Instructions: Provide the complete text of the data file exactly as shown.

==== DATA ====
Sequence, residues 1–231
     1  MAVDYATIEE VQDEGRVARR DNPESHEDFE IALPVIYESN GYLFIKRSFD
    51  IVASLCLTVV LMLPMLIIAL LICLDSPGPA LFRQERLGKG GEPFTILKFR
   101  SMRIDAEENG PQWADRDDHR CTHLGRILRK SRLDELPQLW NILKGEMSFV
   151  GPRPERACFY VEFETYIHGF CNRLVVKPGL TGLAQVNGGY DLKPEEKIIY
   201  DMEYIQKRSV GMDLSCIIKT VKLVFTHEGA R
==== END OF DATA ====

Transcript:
Sequence, residues 1–231
     1  MAVDYATIEE VQDEGRVARR DNPESHEDFE IALPVIYESN GYLFIKRSFD
    51  IVASLCLTVV LMLPMLIIAL LICLDSPGPA LFRQERLGKG GEPFTILKFR
   101  SMRIDAEENG PQWADRDDHR CTHLGRILRK SRLDELPQLW NILKGEMSFV
   151  GPRPERACFY VEFETYIHGF CNRLVVKPGL TGLAQVNGGY DLKPEEKIIY
   201  DMEYIQKRSV GMDLSCIIKT VKLVFTHEGA R